But who knows really what strategy is right?
The most important skill at this time, now the market has calmed, is not sounding like some kind of investment genius; it is communication.
The high cost of trackers
Like almost anything it does, the move by St James’s Place to offer passive funds has sparked much debate.
It is wise of a restricted advice company to offer as much choice as possible, particularly in a world where passive investing has so many fans.
But we all know the mantra with trackers: they have guaranteed underperformance.
We have not precisely seen the fee structure for the SJP trackers yet, but any upfront charge on investing (particularly if it is going to be 5 per cent) will be hugely punitive and wipe out years of returns.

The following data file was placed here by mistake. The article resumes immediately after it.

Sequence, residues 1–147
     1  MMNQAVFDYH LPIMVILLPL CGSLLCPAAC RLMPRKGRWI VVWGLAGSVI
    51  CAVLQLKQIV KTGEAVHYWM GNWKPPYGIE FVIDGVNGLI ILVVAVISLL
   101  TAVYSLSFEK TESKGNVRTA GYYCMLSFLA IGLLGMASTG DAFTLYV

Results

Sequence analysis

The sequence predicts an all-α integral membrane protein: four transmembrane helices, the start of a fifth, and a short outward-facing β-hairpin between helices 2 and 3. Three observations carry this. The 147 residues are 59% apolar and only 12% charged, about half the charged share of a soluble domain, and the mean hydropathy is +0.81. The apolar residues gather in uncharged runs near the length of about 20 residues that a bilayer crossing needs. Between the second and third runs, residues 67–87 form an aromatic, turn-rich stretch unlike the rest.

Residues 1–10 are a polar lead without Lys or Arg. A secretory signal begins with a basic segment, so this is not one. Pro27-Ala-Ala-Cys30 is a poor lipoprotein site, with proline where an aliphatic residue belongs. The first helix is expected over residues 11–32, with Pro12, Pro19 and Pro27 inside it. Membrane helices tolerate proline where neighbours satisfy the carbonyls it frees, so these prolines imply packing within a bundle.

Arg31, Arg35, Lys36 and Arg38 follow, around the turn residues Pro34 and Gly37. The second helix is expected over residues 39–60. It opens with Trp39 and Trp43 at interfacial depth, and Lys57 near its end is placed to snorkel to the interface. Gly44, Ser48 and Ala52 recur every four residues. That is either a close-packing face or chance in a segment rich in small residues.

I have had enough dialogue with SJP over the past year or so to have an idea of what they will say. We are likely to hear arguments that you cannot compare the cost with traditional trackers because SJP is a different model, that one tracker will be part of an entire portfolio, and that the cost represents a much bigger service offering.
Whether you take the SJP fee as the quoted 5 per cent, or the 2.9 per cent it says is the average (the industry average quoted upfront fee is between 2.5 per cent and 3 per cent) – whichever way you cut it, the upfront charges still seem very expensive, and startlingly so if you then invest mainly in trackers.
Narrowing the gap
In it together? Pah. (And I am not talking about Dominic Cummings).
Rishi Sunak has made it clear we must level the playing field so everyone pays equally to get us out of this mess.
So I have one suggestion: scrap defined benefit pensions in the public sector: they cost £13bn a year.
That will help narrow the gap.
James Coney is money editor ofThe Times and The Sunday Times